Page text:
On March 27, 1423, a Richard Beaumond of Northgrove ( husband of Katherine Northgrove ) made a gift to to "John Jonette of Astewode [in the manor of Feckenham] and Elizabeth his wife of all his tenements in Tadynton and Bolyngdhope co Hereford with all lands, rents, reversions and service; to hold for ever from the chief lords of the fee for due and customary service." (see parchment ER139/16 in the Cooke family of Tardebigge Parish papers, in the Shakespeare Birthplace Trust archive). It is possible that this Elizabeth, wife of John Jonette, may have been related to Richard Beaumond and that the Beaumond family were at this time the owners of Norgrove Manor farm (see A History of the County of Worcester, Volume 3 , under the heading relating to "Norgrove"). In the 19th year of the reign of Richard II (i.e., 1396), Katherine Northgrove was a co-heir with her sister Maud (wife of Richard Avenell) of Elizabeth Northgrove, the owner of Norgrove Manor farm in Feckenham Forest, County of Worcestershire. Upon the death of Elizabeth Norgrove, her estates were divided as of June 20, 1396 into equal parts to pass by inheritance to Katherine and Maud (see Calendar or Fine Rolls , Vol. XI (Richard II) at page 186). It is possible that Norgrove passed to Katherine, wife of Richard Beaumond and later passed into the Jennett family, later becoming the home of Richard Jennett (circa 1471). The alternative possibility is that the husband of either Katherine or Maud passed away and the widow married a Jennett. Norgrove Manor farm was described in A Topographical Dictionary as follows:

"Northgrove Manor farm, the most ancient freehold in the parish, containing, with other lands, 450 acres, belonged in the time of Richard II. to the Northgrove family, then to the Jenets, and in 1664 came to the family of Sir Thomas Cookes, Bart., by marriage...."

As noted above, a Willim Jonet appears in Worcestershire in 1396 and a John Jonette apears in Feckenham Forest in 1423. However, it appears that no Jonetes or Jennetts lived in Feckenham Forest prior to 1377, since none appear in the records of Feckenham Forest during the time period of 1236-1377 (see J. Birrell, Records of Feckenham Forest c. 1236-1377 (Cromwell Press 2006).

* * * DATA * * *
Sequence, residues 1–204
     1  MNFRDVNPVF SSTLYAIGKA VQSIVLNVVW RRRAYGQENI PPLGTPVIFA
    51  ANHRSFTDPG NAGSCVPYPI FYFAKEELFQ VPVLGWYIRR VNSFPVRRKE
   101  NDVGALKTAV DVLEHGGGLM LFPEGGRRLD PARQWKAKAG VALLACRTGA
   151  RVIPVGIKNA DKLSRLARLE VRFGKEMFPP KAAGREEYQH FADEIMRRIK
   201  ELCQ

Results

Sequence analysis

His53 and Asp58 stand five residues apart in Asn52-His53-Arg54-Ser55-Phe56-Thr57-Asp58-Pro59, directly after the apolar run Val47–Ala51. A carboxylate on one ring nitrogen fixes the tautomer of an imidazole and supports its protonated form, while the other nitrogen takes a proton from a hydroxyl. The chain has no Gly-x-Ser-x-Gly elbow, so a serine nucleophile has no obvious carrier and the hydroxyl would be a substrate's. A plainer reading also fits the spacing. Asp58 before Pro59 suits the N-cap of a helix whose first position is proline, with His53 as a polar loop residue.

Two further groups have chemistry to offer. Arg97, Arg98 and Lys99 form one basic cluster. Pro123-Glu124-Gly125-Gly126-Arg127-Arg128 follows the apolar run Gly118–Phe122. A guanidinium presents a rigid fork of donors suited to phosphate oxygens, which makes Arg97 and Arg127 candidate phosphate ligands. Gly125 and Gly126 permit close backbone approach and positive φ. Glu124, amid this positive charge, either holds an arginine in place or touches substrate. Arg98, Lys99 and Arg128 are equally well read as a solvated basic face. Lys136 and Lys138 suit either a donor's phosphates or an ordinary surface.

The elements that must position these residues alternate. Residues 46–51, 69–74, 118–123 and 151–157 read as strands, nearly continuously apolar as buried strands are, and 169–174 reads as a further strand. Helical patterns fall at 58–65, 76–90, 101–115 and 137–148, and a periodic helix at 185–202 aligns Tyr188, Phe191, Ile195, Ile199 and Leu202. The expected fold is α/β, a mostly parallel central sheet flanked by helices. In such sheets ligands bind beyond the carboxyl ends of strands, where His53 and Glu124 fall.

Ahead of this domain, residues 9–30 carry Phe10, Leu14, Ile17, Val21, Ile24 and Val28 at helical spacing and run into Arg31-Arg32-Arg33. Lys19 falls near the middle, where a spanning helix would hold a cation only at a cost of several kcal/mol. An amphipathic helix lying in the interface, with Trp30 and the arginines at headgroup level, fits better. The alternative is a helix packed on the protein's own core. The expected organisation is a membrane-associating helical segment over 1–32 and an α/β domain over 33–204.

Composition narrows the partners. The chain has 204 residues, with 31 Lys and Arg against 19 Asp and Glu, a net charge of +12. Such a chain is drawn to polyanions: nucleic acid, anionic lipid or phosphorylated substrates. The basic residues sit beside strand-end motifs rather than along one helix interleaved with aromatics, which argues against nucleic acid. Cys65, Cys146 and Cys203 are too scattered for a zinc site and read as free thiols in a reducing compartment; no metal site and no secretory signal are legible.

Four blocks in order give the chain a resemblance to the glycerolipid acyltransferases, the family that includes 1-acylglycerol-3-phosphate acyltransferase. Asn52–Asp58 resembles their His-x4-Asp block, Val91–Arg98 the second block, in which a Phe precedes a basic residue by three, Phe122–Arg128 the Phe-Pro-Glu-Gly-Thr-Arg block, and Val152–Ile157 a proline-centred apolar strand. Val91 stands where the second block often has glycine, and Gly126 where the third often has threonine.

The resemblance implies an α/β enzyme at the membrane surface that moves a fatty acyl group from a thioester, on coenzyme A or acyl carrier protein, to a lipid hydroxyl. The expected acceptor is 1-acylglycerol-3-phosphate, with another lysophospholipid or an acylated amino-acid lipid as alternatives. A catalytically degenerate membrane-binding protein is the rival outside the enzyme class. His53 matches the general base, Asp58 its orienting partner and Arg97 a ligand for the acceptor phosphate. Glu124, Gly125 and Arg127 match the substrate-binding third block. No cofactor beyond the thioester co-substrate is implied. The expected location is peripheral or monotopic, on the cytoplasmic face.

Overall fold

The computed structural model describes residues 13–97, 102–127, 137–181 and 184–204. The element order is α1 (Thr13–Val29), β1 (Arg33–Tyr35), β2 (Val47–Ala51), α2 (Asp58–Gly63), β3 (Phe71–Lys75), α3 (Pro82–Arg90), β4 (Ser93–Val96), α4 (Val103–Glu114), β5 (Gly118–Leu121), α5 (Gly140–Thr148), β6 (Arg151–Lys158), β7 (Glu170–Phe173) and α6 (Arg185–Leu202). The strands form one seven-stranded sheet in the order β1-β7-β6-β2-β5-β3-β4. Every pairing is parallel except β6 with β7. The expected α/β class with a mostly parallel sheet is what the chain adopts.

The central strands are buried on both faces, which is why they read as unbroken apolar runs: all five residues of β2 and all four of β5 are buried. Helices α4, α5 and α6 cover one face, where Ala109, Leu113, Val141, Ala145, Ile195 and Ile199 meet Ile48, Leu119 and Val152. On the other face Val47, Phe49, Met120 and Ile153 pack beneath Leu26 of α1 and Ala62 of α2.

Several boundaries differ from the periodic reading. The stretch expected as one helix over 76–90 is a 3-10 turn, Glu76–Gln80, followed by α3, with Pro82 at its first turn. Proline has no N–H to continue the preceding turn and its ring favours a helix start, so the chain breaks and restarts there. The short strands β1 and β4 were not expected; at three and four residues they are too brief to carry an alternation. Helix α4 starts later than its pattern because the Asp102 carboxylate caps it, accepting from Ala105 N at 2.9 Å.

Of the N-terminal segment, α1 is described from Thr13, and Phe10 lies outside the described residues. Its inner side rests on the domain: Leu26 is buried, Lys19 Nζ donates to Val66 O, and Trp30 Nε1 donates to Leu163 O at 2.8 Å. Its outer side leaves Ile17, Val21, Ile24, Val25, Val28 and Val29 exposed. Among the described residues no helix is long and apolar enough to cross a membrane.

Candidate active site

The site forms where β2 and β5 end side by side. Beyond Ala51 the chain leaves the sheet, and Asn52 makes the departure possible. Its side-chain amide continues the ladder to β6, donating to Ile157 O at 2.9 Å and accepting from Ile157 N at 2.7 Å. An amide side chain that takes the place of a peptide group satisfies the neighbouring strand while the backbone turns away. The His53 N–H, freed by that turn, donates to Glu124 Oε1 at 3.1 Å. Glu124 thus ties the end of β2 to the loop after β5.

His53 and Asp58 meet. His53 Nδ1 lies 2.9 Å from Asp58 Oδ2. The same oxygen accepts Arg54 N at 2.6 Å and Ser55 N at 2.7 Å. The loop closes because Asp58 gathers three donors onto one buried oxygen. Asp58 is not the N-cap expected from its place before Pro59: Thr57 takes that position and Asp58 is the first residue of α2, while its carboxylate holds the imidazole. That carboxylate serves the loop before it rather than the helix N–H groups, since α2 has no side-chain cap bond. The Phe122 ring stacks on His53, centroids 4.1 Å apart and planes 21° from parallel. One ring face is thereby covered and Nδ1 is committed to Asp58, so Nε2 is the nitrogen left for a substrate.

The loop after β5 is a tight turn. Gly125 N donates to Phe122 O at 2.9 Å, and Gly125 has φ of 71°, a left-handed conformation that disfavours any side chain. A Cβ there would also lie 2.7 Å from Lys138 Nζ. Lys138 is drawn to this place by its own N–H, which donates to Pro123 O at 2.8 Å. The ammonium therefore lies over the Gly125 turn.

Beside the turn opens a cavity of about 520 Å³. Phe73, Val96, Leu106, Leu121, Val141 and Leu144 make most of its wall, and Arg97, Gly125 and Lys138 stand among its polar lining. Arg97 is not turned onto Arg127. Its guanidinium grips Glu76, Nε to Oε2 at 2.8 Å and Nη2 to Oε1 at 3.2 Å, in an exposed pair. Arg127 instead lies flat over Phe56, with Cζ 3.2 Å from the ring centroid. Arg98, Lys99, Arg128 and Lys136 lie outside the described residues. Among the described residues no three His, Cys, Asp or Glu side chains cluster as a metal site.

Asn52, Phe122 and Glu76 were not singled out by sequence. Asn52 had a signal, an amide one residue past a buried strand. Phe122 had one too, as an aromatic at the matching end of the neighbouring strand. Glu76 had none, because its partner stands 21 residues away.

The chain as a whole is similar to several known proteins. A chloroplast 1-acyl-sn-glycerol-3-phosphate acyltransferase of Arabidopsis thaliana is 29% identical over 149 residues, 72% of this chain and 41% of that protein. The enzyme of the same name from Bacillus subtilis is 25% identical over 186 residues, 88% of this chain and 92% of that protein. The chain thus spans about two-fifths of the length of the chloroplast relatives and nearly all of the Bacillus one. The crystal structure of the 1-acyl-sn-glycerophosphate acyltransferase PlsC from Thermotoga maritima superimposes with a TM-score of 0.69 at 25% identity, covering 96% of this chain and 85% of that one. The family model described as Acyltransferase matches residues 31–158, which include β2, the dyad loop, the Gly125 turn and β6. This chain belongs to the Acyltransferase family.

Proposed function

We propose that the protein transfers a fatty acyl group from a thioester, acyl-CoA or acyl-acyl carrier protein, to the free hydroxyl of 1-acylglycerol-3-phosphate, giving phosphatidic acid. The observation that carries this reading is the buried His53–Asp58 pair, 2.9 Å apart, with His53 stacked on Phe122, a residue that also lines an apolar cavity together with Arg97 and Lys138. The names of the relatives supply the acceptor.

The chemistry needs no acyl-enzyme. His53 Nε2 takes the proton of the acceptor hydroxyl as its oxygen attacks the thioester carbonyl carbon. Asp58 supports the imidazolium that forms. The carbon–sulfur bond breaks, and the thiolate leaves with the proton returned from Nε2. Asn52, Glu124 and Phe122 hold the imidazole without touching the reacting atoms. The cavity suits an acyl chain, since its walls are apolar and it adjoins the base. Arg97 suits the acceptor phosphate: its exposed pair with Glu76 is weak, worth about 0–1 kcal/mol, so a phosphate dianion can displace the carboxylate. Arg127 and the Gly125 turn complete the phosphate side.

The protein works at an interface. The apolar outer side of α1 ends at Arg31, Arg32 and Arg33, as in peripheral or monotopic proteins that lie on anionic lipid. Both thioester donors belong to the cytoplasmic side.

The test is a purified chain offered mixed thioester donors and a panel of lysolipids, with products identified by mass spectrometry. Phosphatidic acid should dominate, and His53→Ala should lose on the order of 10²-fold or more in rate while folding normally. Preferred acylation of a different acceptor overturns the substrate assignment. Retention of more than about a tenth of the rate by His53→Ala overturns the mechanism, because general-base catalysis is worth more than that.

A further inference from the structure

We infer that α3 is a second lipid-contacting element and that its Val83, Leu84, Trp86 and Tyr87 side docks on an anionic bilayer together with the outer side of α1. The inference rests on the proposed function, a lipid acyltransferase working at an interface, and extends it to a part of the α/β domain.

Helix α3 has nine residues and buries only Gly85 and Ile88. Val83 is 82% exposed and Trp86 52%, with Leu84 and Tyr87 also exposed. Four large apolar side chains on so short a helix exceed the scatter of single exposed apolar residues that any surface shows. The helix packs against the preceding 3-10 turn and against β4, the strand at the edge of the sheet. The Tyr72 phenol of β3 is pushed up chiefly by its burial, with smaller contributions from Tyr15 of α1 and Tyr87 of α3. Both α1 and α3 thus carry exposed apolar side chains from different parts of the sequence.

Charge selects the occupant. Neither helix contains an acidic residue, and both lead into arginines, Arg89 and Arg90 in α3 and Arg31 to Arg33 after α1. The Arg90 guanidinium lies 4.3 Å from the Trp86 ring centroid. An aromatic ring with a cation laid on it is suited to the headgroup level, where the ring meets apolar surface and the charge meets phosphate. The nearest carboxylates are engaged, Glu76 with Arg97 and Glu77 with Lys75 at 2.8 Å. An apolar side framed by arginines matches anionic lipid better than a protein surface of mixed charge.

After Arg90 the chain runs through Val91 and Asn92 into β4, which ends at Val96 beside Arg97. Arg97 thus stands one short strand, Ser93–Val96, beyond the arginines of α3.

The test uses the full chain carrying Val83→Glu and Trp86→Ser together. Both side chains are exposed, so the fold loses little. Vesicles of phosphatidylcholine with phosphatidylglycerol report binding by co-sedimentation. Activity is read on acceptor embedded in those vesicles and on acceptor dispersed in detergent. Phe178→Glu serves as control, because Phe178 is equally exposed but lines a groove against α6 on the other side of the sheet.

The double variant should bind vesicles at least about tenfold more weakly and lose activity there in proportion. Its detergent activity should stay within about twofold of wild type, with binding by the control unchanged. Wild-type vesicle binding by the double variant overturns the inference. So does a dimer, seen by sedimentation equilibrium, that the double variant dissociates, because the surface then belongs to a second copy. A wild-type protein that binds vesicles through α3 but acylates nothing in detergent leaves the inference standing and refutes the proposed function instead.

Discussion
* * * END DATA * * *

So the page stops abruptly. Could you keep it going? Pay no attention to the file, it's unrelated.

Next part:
On August 1st in the 24th year of the reign of Henry VI (i.e., ca. 1446), John Jonettes shared with John Vampage, Thomas Throgmorton, John Wode, John Rous and Persivale Wykyng in a grant by William and Isabel Colard (late of Rediche) of lands and tenements in Rediche and the manor of Tardebigge (see entry for document B3043 in the National Archives of the United Kingdom). John Vampage, Thomas Throckmorton and John Wode all were members of Parliament, representing Westminster, County of Worcestershire, at various times during the reign of Henry VI. John Rous was the husband of Margaret Throckmorton, a daughter of John Throckmorton (brother to Thomas Throckmorton). It is not known if John Jonetes was related to the Feckenham Jennetts.

One Henry Jenetts is listed as one of the "esquires" of Worcestershire in the 8th year of the reign of Edward IV (i.e., around 1452), indicating that he likely had a coat of arms (see Habington, A Survey of Worcestershire, Vol. II at page 412). It is not known if Henry Jennetts was related to the Feckenham Jennetts.

A Richard Jennetts appears in Feckenham at Norgrove around 1471, as the husband of Jane ("Joan") Wrottesley, daughter of Hugh Wrottesley and Thomasine Gresley (see The Gresleys of Drakelow , at page 299). Hugh Wrottesley was a Founder Knight of the Order of the Garter . Richard Jennetts' coat of arms is described in The Visitation of the County of Worcestershire in 1569 , at page 153 as being comprised of two chevronels (gules - red) between six martlets sable (black) in a 2, 3, 1 arrangement. Jane Wrottesley was a sister of Walter Wrottesley , Captain of Calais. Walter Wrottesley was a strong supporter of Richard Neville, Earl of Warwick, known as " Warwick the Kingmaker ".  It appears that Richard Jennetts also may have supported Richard Neville in his rebellion against Edward IV. On November 5, 1471 (after the Battle of Tewkesbury on May 4, 1471), it is recorded that a general pardon was granted to "Richard Jonetes late of Feckkyngham, co. Worcester, gentilman, alias late  of Norgrove, co. Worcester, of all offenses committed by him before 3 October last"  ( Calendar of Patent Rolls 1467–77, p. 304 ). After Richard Neville's death, Walter Wrottesley surrendered Calais to Edward IV in exchange for a free pardon for himself and the members of the Calais garrison (see History of the Family of Wrottesley of Wrottesley, County Stafford, at page 233). It is not known how Richard Jennetts was able to secure his general pardon. Richard's first wife, Jane Wrotteseley, may have passed away and Richard Jennetts may have remarried. Some time before 1493, one "Katherine, late the wife of Richard Jonetes", filed a bill of complaint against "Walter Jonetes, clerk" relating to his role as "feoffee [trustee] to uses" in connection with Katherine's "life interest in lands in Feckenham, late of the said Richard." (see List of Early Chancery Proceedings, Vol. III (1486-1493), Bundle 98, no. 18, at page 67 ).